(I know it's called hefeweizen, I just wanted to play with words some! Chill out.) I think I might be turning a corner on the whole "I can't really drink wheat beers because they give me heartburn" thing. But I'm not ready to commit to that statement fully. What I have here is a fine hefeweizen from the folks at Sierra Nevada. Often stalwarts of quality and consistency, this beer is no different. If this beer took its name from a fable character it would be "Goldilocks." Hazy and warm in its golden glory, Kellerweis wears a clean white cap of foam proudly. The aromas this beer emits are both layered and mouth watering. While people often expect a heavy citrus punch straight away, what you get from Kellerweis is a bundle of clove and banana. The tart fragrance of yeast is unmistakable and does a wonderful job supporting the fresh citrus burst that pops up. Towards the end of the sniff I picked up on a bit of spice that rests nicely on a bed of bready notes. This all did a very good job in making my mouth water. The payoff? Pretty delicious. This beer has a medium body do it with a creamy mouthfeel that flaunts healthy carbonation. As a flavor delivery system I would say this is sufficient. The first flavors I run into are those bread notes and spices encountered in the bouquet. That lasts long enough to make the transition to the fruit/clove salad a bit more noticeable. Rich banana (but not cloying or artificial) mixes it up nicely with a touch of orange zest at its peak. This is far less citrusy than what my mind tells me how hefeweizens usually taste. The smooth body and creamy flavors make this incredibly easy to drink. The citrus is not the star of the show here, instead it's all about the wheat biscuit topped with banana and clove dusted with orange peel. As it warmed, the banana flavor asserted itself a little better which I found to be quite pleasant. I can't be too surprised. Sierra Nevada cranks out quality beer and this is no exception.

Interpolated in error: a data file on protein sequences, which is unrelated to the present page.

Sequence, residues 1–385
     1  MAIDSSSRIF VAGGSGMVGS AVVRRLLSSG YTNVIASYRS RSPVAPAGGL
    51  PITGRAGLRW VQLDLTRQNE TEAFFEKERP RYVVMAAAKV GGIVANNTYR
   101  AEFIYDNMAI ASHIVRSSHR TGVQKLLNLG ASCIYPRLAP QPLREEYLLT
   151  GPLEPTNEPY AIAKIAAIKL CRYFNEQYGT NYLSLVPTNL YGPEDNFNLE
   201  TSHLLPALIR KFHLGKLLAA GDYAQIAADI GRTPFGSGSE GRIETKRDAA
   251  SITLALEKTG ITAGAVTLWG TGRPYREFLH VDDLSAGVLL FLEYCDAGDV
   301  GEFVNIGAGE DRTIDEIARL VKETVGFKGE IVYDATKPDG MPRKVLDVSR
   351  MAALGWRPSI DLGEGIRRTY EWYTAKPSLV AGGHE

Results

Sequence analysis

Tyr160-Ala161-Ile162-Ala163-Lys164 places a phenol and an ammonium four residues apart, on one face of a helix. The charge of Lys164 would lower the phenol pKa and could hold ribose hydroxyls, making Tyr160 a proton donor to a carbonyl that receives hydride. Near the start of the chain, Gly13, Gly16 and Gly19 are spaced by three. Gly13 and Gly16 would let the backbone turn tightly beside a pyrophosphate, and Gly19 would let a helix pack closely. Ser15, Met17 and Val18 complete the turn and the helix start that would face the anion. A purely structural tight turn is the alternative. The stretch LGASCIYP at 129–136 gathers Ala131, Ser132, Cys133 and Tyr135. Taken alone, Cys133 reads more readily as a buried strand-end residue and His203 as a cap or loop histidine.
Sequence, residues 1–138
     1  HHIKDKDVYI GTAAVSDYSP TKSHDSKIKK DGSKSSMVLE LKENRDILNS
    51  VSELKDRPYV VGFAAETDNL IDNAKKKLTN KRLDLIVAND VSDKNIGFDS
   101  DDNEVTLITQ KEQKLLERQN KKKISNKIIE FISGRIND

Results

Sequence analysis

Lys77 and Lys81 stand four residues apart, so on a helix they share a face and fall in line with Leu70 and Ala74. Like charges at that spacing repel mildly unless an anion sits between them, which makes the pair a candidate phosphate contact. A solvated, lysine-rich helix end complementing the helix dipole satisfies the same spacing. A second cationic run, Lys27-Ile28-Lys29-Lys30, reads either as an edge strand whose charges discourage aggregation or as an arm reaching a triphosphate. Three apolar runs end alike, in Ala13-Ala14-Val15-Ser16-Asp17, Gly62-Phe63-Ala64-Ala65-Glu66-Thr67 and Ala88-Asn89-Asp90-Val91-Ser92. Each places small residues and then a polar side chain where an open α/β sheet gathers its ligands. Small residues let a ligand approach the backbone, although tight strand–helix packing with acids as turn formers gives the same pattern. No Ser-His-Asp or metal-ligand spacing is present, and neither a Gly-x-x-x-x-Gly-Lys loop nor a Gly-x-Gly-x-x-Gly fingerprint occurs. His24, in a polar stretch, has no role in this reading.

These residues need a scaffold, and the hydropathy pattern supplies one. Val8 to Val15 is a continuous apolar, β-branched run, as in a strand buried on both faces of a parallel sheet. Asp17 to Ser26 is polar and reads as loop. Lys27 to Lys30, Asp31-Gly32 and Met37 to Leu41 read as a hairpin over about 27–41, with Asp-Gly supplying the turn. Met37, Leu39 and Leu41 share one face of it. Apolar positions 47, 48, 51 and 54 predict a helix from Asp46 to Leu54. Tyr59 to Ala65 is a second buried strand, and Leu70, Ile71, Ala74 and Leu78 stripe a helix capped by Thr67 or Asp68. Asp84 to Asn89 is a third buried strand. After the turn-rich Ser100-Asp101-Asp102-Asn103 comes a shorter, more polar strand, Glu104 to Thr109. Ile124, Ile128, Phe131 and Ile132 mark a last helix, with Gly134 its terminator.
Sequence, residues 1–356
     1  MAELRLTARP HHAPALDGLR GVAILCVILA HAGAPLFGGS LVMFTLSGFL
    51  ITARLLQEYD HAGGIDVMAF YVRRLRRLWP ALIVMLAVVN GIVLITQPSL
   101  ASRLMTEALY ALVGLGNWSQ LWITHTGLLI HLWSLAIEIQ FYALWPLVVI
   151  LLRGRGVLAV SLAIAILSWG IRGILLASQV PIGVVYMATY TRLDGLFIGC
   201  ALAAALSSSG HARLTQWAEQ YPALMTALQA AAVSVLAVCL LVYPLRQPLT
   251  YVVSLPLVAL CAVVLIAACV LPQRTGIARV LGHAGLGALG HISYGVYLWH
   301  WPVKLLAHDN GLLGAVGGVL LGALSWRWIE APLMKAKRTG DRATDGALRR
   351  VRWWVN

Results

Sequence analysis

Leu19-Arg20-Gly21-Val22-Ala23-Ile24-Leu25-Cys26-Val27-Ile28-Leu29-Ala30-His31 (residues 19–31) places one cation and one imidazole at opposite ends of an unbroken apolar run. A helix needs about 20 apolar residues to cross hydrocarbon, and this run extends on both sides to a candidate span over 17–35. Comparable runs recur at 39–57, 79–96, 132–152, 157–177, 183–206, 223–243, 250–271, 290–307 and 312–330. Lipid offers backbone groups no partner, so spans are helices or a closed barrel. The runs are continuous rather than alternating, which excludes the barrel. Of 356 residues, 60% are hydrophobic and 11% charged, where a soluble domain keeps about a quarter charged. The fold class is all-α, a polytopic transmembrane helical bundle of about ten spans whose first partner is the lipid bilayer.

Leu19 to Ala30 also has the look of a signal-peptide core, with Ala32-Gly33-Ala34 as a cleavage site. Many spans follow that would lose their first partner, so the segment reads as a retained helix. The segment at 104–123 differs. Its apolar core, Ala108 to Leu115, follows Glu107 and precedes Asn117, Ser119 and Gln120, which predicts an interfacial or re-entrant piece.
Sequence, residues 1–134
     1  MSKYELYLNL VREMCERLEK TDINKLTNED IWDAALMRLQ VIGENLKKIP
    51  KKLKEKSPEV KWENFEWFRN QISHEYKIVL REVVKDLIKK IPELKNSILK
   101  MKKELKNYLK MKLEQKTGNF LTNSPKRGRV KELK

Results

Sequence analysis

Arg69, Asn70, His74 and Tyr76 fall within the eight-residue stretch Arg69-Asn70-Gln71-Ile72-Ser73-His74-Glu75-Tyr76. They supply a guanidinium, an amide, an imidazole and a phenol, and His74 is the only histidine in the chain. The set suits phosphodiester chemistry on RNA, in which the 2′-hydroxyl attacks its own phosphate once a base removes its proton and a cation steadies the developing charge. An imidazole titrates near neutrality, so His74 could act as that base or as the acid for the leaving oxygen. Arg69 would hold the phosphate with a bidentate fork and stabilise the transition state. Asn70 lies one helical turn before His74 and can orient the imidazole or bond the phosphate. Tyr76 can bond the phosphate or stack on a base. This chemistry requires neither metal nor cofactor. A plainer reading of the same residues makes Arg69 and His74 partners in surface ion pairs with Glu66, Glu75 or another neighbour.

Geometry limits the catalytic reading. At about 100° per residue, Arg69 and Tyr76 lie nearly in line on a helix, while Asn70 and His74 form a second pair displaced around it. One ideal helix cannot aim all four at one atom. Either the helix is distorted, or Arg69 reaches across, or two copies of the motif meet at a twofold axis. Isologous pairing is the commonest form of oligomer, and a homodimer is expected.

Try and steal my sunshine...see what happens. TRY!

Tuesday, February 21, 2012

Welcome to my 100th post!

Brewery: Great Divide Brewing Co.
Location: Denver, CO
Name: Old Ruffian
Type: Barley wine
ABV: 10.2%
100. I couldn't think of a better way to hit the 100 post mark. Just for the record (because I feel like it has to be said, lest I get accused otherwise), I am not in any way taking payment from Great Divide Brewing Co. Now that that's out of the way, I can't tell you how excited I am to get this in my gullet! It's a big bottle for a big beer, comes in sturdy at 10.2% ABV and promises to not pull any punches. The aged roughneck, as I have started to call it, pours a lush ruby tinted caramel color that builds a clingy creme colored head. Light passes it through it, though not easily so don't expect to be looking at anything other than ale when peering into your glass. I've got to be honest, there is a fair bit of hops to this nose! More than I was expecting anyway. It's the nice kind of fresh citrus hops. It is the perfect accompaniment to the rotund blast of dense malts and mouth-watering darkly sour fruits. Figs and plum act as aroma asteroids that collide with apricot and toffee. It emits a feeling of warmth and toasty JUST by smelling the way it does. It's a good thing I'm typing this and not making a recording of it. I honestly lose all sense of thought when I drink this. The unapologetic manner by which this ancient knave grants you flavor is astounding. The first taste you get is thick dark fruits bolstered by an English toffee back bone. The malt is an amazing baseline that runs throughout this beer. Past the malt is when the hops come in and they stick around for the long haul. Hops? In a barley wine? Yes, I know. I asked myself the same thing. But citrus and pine both come through cleanly and it does funny things to the aftertaste. If it weren't for the dark fruits and toffee malt beginning you would swear that you were drinking a potent IPA. I can not explain to you how much I am enjoying this beer. Everything is wonderful. The packaging has a guy shadow-boxing, the head is doing a great job lacing the glass, and the beer itself could possibly be derived from the gods of brewing. If you live in an area that has access to Great Divide beers you are honestly doing yourself a disservice if you overlook this beer. This has become my benchmark barley wine and has nestled itself firmly in my Top 5 All Time Favorite Beers. And if any of you want to know what those are, please let me know. But that's another conversation altogether. I can not find a single thing wrong with this beer. I'm sorry for those of you who may have felt a twinge of jealousy as you read this. This was the last of the Great Divides I had in my fridge and I can say, without remorse or irony, that I indeed saved the best for last.

I tried to squeeze the bottle to get every last bit.

Sunday, February 19, 2012

You only turn 18 once.

Brewery: Legend Brewing Co.
Location: Richmond, VA
Name: Hopfest
Type: American Pale Ale
ABV: 7.3%